How NASA Dealt With Images of an Alien Planet in the 1960s

The alien planet was Mars and the process was just a bit simpler than it is today

Mars Mosaic
A mosaic of Mars from Mariner 6 and Mariner 7 JPL

When the New Horizon’s space probe snapped photos of Pluto during its flyby, NASA released the most detailed image of the dwarf planet on Instagram an hour before the official news release and racked up the "likes." That’s what happens when a space agency visits another world in 2015. In the 1960s, the process was different, Mika McKinnon reports for

Mars was the target and spaceships equipped with cameras were the variously numbered Mariner probes. You may recall that the first images of Mars were extrapolated from data, paint-by-numbers style, by impatient scientists who just couldn't wait for a photo of the planet.

But by 1969 the effort was more impressive, with Mariner 6 and 7 completing a complex choreographed dance past Mars. Mariner 6 went first and five days later, Mariner 7 followed with maneuvering instructions improved by the experience of its partner. McKinnon writes:

The cameras alternated taking pictures so a new photo was taken every 42 seconds. Mariner 6 sent home a total of 75 images during its flyby (49 far, 26 near) and Mariner 7 sent home another 126 images (93 far, 33 near), a massive improvement over the measly 21 images returned by Mariner 4 five years earlier. The probe pair sent home 800 million bits of data during the two flybys.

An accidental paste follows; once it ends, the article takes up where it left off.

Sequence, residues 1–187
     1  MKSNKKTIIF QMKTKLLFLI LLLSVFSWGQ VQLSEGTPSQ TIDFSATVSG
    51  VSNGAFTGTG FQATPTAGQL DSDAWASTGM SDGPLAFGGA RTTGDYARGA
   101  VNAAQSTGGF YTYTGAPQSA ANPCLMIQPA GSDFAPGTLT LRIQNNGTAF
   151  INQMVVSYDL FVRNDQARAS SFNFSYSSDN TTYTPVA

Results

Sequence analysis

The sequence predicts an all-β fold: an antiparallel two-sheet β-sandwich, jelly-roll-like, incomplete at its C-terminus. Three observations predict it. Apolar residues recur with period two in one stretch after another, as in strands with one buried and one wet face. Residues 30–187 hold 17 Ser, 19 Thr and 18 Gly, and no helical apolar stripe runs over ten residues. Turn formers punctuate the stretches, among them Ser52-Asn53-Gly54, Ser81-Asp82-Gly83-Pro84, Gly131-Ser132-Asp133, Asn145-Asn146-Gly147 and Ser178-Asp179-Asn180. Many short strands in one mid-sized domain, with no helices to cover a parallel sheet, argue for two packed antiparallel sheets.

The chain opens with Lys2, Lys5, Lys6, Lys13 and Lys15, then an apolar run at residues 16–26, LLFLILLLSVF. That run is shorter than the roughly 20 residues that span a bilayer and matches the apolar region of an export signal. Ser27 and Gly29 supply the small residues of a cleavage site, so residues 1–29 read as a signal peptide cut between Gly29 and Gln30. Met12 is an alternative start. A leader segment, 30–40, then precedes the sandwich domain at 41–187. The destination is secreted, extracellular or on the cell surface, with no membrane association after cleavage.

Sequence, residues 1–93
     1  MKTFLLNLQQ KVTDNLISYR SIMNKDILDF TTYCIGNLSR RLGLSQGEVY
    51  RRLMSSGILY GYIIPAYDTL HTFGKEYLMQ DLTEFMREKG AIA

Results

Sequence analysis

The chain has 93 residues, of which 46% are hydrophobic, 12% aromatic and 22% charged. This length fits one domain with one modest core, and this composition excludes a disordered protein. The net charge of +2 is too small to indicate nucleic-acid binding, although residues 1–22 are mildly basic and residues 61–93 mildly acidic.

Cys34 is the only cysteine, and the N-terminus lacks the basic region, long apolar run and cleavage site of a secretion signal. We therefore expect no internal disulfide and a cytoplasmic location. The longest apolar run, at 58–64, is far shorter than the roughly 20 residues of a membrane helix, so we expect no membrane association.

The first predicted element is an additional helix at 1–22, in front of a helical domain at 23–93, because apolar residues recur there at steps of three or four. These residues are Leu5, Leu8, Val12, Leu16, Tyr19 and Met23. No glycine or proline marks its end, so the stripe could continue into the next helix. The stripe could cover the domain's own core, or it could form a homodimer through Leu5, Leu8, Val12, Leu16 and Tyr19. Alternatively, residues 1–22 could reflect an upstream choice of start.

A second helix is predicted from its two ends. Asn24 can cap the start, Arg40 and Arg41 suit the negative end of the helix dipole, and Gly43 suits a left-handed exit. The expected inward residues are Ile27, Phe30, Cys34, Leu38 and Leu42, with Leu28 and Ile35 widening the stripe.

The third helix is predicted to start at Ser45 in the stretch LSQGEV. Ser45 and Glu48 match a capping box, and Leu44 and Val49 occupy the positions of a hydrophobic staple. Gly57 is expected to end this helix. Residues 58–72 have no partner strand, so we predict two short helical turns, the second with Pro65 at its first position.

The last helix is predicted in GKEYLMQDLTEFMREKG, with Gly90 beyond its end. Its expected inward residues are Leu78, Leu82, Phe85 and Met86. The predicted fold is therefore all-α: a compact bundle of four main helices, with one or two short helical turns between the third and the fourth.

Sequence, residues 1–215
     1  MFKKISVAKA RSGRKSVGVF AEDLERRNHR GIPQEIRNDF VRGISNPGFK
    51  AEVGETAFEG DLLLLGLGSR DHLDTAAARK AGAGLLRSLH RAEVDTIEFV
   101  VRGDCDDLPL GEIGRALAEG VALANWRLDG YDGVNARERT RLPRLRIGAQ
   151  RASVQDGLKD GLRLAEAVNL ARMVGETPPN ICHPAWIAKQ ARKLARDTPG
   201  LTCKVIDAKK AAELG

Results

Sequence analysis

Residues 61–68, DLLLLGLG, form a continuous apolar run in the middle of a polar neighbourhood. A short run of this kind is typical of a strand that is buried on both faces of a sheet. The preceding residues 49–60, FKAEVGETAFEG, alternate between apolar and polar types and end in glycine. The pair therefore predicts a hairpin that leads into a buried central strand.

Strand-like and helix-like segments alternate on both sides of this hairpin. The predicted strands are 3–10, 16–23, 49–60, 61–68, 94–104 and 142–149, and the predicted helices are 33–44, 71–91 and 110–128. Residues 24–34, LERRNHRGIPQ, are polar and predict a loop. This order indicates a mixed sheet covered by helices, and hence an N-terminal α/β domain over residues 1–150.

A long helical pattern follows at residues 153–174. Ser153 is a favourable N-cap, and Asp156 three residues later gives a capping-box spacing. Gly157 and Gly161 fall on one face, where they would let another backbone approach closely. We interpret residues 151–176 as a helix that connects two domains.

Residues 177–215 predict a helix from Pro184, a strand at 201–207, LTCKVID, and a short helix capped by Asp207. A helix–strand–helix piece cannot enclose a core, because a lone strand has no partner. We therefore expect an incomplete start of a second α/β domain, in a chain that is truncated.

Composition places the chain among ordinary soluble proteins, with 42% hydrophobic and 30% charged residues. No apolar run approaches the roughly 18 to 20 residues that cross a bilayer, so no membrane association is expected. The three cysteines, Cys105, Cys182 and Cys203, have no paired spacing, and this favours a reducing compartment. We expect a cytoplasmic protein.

Those photos weren’t assembled automatically by computer algorithms, however. Experts had to piece together the photo mosaic by hand, on a wire-frame globe of Mars. In the header image, Mariner 6 was responsible for the top two horizontal rows and 7 for the pictures from the center to the bottom right and of the south polar cap. 

In another post, McKinnon describes the mosaic process that expert Patricia “Patsy” Conklin and others used to assemble photos from Mariner 9 — one that involved more mosaics made by hand.

While working to assemble such images must have been rewarding, Conklin and her colleagues would likely shake their heads in amusement and disbelief with the ease at which amateurs can now manipulate images from NASA and see Pluto on Pluto or the dwarf planet holding a heart

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